Many still struggle with the same problem: inadequate access to capital compared to their male counterparts.
“I still hear women talking about the challenges of getting lines of credit and funding,” Young said.
But she is pushing to change the tide not only for her own business, downtown-based Aslan Consulting, but for the 700,000 other women business owners in Southern California through her work with the National Association of Women Business Owners.
Founded in 1975, NAWBO offers support through education and networking opportunities for its more than 5,000 members across nearly 60 chapters in the United States. The organization also connects its members to corporate partners like Bank of America Corp. and Dell Technologies Inc. for business services.
NAWBO supports its members through resources and assistance with matters such as government contracting, bringing a business to international markets, public relations and becoming certified as a woman-owned business.
Members also have access to scholarships for local business programs and opportunities to speak at events, and the organization also notifies them of new legislation affecting local businesses.
Young joined the L.A. chapter of the organization a decade ago and took the helm as its president in July.
“We provide a venue to support each other, to meet like-minded women and to meet corporate and community partners that can help us with some of the unique challenges of being a woman-owned business,” said Young.
Although organizations like NAWBO are helping woman-owned businesses succeed, the need for their support and services is not shrinking. According to Bank of America’s 2021 Women Business Owner Spotlight report, 14% of women business owners surveyed reported they’ve had challenges accessing capital or were turned down for funding. Around 48% said they feel like they need to work harder to achieve the same level of success as their male counterparts.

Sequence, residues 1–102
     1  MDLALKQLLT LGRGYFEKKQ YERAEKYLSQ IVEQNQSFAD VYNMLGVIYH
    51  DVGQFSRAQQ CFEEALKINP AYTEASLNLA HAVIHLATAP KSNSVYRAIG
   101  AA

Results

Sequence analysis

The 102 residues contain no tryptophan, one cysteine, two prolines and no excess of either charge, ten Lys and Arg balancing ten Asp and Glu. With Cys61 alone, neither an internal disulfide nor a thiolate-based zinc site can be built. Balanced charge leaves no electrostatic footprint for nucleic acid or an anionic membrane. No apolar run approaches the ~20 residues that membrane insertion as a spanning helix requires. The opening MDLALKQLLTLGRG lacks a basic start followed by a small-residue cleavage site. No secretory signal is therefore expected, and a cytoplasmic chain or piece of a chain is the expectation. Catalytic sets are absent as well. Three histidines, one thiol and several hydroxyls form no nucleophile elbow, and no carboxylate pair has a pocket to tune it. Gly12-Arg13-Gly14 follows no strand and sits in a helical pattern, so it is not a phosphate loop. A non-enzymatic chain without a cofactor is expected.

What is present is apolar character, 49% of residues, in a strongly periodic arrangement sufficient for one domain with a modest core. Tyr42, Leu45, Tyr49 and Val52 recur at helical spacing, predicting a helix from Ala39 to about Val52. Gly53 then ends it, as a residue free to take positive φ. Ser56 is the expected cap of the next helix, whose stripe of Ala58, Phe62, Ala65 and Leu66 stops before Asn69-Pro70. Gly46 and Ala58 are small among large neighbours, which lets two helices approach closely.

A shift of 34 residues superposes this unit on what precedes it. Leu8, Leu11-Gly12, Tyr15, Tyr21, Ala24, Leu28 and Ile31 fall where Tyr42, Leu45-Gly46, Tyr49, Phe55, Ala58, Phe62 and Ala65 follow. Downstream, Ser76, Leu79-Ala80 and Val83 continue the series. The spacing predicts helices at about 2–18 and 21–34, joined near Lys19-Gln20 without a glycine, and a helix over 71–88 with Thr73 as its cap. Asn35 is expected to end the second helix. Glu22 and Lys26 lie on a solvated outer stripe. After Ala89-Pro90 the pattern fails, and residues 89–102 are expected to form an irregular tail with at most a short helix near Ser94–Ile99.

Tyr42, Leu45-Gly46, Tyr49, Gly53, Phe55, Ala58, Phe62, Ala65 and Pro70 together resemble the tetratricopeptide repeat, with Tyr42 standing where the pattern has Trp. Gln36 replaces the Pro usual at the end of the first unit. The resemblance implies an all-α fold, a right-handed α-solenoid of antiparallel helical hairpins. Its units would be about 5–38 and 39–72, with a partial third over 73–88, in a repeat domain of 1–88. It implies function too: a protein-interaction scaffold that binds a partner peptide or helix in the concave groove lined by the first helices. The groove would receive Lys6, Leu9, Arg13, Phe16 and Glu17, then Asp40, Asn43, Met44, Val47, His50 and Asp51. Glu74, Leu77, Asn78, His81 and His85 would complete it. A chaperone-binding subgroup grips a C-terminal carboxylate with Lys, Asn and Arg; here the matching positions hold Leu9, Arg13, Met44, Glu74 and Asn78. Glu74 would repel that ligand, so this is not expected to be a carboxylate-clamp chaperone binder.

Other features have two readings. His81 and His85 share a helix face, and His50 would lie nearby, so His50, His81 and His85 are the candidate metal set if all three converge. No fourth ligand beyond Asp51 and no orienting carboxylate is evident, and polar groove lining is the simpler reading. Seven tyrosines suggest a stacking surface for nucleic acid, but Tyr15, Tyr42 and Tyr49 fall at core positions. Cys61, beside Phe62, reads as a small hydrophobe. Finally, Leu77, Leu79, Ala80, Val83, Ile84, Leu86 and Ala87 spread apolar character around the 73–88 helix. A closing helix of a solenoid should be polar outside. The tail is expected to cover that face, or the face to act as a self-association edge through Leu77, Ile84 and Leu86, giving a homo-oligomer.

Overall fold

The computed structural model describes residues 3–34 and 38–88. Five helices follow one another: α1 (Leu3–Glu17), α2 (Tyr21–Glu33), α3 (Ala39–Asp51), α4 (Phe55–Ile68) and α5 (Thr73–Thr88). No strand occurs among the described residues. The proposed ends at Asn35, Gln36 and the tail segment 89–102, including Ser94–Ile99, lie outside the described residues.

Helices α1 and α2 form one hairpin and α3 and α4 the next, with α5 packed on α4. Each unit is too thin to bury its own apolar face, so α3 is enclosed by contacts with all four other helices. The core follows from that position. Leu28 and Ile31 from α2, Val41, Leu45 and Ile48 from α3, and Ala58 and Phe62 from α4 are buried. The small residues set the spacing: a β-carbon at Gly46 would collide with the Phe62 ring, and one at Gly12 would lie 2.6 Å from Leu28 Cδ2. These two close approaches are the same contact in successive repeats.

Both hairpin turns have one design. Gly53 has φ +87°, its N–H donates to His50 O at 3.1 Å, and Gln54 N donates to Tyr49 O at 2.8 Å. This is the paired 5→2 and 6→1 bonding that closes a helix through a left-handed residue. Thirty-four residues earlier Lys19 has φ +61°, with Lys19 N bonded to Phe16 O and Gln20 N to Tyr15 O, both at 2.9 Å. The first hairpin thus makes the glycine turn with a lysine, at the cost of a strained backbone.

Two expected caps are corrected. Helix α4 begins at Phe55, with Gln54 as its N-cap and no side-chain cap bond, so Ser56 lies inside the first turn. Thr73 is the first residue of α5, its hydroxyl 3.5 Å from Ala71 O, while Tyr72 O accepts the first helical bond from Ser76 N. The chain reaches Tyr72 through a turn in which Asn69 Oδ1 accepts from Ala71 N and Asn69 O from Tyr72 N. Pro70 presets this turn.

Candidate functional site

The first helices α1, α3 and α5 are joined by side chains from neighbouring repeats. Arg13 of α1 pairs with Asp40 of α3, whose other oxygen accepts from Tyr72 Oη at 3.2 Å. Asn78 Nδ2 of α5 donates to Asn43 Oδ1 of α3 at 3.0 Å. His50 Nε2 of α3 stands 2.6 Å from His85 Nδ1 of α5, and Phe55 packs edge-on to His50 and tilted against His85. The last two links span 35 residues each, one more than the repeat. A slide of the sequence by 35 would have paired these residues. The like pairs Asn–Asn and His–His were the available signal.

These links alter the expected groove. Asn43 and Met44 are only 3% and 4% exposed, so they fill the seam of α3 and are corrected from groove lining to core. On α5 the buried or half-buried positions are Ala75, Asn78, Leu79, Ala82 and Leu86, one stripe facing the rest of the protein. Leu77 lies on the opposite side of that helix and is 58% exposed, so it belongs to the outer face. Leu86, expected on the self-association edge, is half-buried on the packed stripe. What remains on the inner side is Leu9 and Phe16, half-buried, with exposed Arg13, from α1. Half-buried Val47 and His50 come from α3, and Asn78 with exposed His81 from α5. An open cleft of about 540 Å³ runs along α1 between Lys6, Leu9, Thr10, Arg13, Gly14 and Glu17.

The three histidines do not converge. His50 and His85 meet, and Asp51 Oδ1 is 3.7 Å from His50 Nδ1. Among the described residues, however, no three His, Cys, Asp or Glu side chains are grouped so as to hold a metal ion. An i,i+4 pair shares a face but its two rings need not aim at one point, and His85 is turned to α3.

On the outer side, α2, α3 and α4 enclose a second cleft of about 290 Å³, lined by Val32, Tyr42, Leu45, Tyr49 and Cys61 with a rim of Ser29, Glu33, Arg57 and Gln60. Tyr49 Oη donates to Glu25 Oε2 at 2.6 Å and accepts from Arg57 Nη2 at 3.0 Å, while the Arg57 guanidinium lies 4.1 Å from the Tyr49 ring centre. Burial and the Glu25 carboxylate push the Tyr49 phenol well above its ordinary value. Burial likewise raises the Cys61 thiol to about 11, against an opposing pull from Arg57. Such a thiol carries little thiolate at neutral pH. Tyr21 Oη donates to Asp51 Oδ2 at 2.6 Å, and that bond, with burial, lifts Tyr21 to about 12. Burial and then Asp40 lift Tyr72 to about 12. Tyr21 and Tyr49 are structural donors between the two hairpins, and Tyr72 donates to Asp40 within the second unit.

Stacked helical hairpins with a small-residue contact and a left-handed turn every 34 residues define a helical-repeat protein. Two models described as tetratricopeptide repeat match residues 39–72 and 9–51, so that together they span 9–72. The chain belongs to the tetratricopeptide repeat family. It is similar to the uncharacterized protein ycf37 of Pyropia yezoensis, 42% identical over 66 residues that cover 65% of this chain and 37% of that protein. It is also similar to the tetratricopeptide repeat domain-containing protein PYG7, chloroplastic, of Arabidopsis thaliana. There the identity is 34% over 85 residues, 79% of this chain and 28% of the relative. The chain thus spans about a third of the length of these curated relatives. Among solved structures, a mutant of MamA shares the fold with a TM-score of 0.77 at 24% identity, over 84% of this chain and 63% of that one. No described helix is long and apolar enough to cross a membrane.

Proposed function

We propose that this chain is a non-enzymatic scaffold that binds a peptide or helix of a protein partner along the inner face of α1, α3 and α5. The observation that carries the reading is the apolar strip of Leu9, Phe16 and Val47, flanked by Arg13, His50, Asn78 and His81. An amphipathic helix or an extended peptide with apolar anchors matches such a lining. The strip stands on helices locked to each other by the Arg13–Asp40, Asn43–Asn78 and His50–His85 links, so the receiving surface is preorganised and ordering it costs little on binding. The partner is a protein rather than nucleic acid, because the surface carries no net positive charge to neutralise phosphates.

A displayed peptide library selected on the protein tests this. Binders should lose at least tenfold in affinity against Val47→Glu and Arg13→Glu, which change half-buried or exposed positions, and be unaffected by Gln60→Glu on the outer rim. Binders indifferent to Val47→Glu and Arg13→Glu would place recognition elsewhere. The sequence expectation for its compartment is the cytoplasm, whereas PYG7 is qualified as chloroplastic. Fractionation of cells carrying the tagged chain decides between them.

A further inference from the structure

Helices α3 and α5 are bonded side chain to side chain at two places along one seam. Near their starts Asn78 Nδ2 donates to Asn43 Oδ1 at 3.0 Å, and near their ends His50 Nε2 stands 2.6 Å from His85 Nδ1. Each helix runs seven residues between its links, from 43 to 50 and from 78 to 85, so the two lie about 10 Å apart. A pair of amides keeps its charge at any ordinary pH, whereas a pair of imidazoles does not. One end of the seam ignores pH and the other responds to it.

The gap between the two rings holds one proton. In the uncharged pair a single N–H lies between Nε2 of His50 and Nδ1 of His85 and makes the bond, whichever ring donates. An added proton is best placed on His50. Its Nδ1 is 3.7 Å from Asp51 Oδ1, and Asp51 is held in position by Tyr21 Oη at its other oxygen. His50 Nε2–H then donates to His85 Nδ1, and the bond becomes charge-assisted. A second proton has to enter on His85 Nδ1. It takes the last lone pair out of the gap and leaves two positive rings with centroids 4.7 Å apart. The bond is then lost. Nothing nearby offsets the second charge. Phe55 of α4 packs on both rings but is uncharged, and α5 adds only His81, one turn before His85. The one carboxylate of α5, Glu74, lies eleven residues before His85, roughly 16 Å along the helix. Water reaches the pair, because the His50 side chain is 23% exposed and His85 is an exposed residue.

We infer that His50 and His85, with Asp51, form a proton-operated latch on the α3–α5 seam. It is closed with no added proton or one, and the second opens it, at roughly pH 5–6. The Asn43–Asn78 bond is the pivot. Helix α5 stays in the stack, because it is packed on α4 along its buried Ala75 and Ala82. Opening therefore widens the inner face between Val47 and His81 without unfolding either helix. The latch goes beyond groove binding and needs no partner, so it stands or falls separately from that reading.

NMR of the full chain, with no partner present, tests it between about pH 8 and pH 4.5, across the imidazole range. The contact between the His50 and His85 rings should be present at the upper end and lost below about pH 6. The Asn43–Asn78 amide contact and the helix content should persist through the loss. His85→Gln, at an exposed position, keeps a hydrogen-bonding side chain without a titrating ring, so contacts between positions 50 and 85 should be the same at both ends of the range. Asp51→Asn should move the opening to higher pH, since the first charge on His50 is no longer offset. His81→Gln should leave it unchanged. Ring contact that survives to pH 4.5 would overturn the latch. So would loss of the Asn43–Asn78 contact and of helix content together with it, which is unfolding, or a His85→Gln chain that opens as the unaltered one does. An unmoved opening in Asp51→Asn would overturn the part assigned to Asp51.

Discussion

“Getting funding is a little bit different of a walk for us as women,” Young said. “Then, if you layer into it being women of color, our walk is even more different when we’re trying to get funding from standard financial institutions.”
And the pandemic magnified these issues. According to Crunchbase Inc., funding to startups with all-woman founding teams dropped to 2.3% in 2020 from 2.8% in 2019.Funding to companies that are co-led by women saw venture funding decline to 10.8% in 2020 from 11.6% in 2019. Startups with all-man founding teams took nearly 87% of funding in 2020, up from 85% in 2019.
Challenges like these are what make the strength and establishment of NAWBO so important, Young said.
“It gives you a voice with some power behind it because we are an organization representing millions of women business owners nationwide,” Young said. “It makes it a little bit easier to get your voice heard than if you’re a party of one.”
In the past year and a half, the organization’s goal has been to help woman-owned businesses recover from pandemic-related economic hits, host educational workshops and virtual networking events, and leverage NAWBO’s network of corporate partners to support its members, she said.
Moving forward, Young aims to grow the L.A. chapter’s membership. The more the organization grows, the stronger its support network, and therefore its members, can become, she said.
“What needs to change for woman-owned businesses is our ability to get funding and to be heard,” Young said. “To get your voice out, I think it’s important to join with others who can help you.”
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